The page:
On 18 December 2020, the Office of the Prosecutor (the "Office") of the International Criminal Court ("ICC" or the "Court") hosted its annual meeting of the Scientific Advisory Board (the "Board"); this year in a virtual setting, in light of the COVID-19 pandemic.
The Board provides updates and advice to the Prosecutor on developments in technologies and scientific methods and procedures that can further reinforce the Office's capabilities in the collection, management and analysis of scientific evidence. Science and technology are important aspects of the Office's work, and adapting to the changing scientific and technological environment in which it operates remains a significant consideration and priority at the Office.
In her opening remarks, the Prosecutor, Mrs Fatou Bensouda, expressed her appreciation to Board members for their contribution to the work of the Office. She emphasised her commitment, in line with the Office's strategic plans, to strengthening the use of scientific evidence in the investigation and prosecution of crimes listed in the Rome Statute, and her gratitude to the Board for its support in this regard. "As the demand for scientific evidence continues to increase, the Office needs the capacity to identify, recover and analyse forensic evidence of the highest relevance – both through in-house capacity and through partnerships with external organisations to access external resources," stated the Prosecutor.
In his annual report to the Office, the Chair of the Board, Prof. Duarte Nuno Vieira, thanked the Office for organising the meeting and for the support provided by the Office to the Board. He also noted the importance of the work of the Board to the field of humanitarian forensic science and medicine.
The Head of the Office's Forensic Science Section and Executive Secretary of the Board, Ms Sarah Donnelly, reported on relevant activities and updates from the Office. Also discussed during the meeting were the scientific priorities for the Office, the report of the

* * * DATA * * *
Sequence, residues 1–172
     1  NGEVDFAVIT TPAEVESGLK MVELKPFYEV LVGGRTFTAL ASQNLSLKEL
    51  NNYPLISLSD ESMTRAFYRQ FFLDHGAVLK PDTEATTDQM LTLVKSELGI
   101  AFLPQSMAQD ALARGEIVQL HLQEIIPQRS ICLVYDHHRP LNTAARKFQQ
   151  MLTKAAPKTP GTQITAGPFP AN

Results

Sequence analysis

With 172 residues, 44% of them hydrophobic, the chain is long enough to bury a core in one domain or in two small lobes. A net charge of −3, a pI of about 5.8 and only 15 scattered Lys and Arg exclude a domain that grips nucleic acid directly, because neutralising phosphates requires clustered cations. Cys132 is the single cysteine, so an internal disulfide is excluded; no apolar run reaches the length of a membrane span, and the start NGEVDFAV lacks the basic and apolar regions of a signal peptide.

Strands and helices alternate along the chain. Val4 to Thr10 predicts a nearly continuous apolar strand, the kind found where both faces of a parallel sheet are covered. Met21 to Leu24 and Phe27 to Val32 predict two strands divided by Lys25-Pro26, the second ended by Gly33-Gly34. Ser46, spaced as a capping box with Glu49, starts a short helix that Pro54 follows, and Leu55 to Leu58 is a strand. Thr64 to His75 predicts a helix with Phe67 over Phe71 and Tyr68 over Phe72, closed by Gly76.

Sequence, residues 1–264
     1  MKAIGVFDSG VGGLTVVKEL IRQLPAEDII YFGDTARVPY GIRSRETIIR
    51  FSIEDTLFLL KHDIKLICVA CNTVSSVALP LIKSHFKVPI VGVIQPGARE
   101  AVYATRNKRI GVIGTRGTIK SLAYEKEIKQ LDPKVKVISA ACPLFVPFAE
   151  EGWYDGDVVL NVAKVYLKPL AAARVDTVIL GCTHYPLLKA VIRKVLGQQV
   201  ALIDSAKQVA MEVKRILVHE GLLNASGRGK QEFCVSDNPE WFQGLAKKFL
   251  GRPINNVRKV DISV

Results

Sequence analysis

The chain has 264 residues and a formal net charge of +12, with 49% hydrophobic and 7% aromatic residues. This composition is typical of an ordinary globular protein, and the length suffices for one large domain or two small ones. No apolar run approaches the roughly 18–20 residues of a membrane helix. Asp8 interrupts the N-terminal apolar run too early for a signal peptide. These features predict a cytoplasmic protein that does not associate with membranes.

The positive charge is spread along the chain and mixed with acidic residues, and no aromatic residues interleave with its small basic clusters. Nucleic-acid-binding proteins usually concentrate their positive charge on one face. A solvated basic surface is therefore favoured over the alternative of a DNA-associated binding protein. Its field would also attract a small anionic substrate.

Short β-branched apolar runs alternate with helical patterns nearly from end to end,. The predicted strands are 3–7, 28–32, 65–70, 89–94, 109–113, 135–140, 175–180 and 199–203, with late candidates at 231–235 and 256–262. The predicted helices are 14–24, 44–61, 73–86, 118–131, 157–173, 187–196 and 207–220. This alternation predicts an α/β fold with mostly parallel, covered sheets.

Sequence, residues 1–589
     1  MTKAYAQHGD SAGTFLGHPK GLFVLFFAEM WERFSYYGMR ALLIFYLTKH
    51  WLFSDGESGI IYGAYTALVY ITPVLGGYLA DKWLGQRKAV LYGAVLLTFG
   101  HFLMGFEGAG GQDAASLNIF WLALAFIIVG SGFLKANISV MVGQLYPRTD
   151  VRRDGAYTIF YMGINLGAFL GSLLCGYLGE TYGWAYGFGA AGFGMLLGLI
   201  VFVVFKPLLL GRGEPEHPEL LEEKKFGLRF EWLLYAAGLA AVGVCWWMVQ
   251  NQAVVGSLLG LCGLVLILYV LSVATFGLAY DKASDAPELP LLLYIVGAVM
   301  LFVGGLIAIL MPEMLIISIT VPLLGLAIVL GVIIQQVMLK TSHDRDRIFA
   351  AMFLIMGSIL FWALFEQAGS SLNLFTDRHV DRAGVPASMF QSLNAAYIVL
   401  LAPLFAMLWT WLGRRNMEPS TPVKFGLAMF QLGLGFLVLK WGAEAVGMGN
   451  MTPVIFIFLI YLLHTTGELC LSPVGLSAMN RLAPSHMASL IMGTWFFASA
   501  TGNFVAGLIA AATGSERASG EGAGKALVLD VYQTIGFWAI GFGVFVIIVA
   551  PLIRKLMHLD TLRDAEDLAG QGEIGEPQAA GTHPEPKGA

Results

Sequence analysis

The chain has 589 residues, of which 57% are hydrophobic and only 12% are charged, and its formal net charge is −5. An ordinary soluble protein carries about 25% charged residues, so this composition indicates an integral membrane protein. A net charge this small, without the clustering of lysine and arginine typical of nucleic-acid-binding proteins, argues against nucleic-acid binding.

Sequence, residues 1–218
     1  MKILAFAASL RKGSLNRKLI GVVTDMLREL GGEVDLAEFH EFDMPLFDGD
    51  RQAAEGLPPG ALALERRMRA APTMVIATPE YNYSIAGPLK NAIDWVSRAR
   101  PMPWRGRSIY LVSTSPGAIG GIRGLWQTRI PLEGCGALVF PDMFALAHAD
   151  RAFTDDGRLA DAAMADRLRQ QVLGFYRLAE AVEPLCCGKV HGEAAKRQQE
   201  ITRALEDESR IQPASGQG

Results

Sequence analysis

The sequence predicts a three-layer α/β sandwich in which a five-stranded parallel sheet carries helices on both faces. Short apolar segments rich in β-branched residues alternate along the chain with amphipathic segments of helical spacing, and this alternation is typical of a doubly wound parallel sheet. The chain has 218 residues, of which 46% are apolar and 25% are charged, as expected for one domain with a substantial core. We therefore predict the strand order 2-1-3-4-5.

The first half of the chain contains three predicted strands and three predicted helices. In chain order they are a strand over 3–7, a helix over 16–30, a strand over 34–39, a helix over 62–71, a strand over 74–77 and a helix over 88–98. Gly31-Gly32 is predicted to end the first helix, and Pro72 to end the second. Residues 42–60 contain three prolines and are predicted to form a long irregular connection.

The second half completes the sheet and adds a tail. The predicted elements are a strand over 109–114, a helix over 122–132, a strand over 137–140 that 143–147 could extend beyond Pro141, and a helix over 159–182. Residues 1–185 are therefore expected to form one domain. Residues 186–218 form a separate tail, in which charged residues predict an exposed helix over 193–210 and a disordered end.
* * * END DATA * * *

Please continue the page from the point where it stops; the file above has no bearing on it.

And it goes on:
Independent Expert Review of the International Criminal Court and the Rome Statute System, and the expansion of the Board's scientific support to the Office.
In his closing remarks, the Deputy Prosecutor, Mr James Stewart, expressed his appreciation to the Board for the expertise it brings to the Office and stressed the importance of scientific evidence to the success of the Office.
The following organisations were represented at the 7th meeting of the Board:
- Academia Iberoamericana de Criminalistica y Estudios Forenses;
- Australian and New Zealand Forensic Science Society;
- European Council of Legal Medicine;
- European Network of Forensic Science Institutes;
- Europol European Cybercrime Centre EC3;
- Ibero-American Network of Forensic Medicine and Forensic Science Institutions;
- International Academy of Legal Medicine;
- International Association of Forensic Sciences;
- International Forensic Strategic Alliance;
- INTERPOL International Forensic Science Managers Symposium, and
- Southern Africa Regional Forensic Science Network.
The Office of the Prosecutor of the ICC conducts independent and impartial preliminary examinations, investigations and prosecutions of the crime of genocide, crimes against humanity, war crimes and the crime of aggression. Since 2003, the Office has been conducting investigations in multiple situations within the ICC's jurisdiction, namely in Uganda; the Democratic Republic of the Congo; Darfur, Sudan; the Central African Republic (two distinct situations); Kenya; Libya; Côte d'Ivoire; Mali; Georgia, Burundi Bangladesh/Myanmar and Afghanistan (subject to a pending article 18 deferral request). The Office is also currently conducting preliminary examinations relating to the situations in Bolivia; Colombia; Guinea; the Philippines; and Venezuela (I and II), while the situation in Palestine is pending a judicial ruling.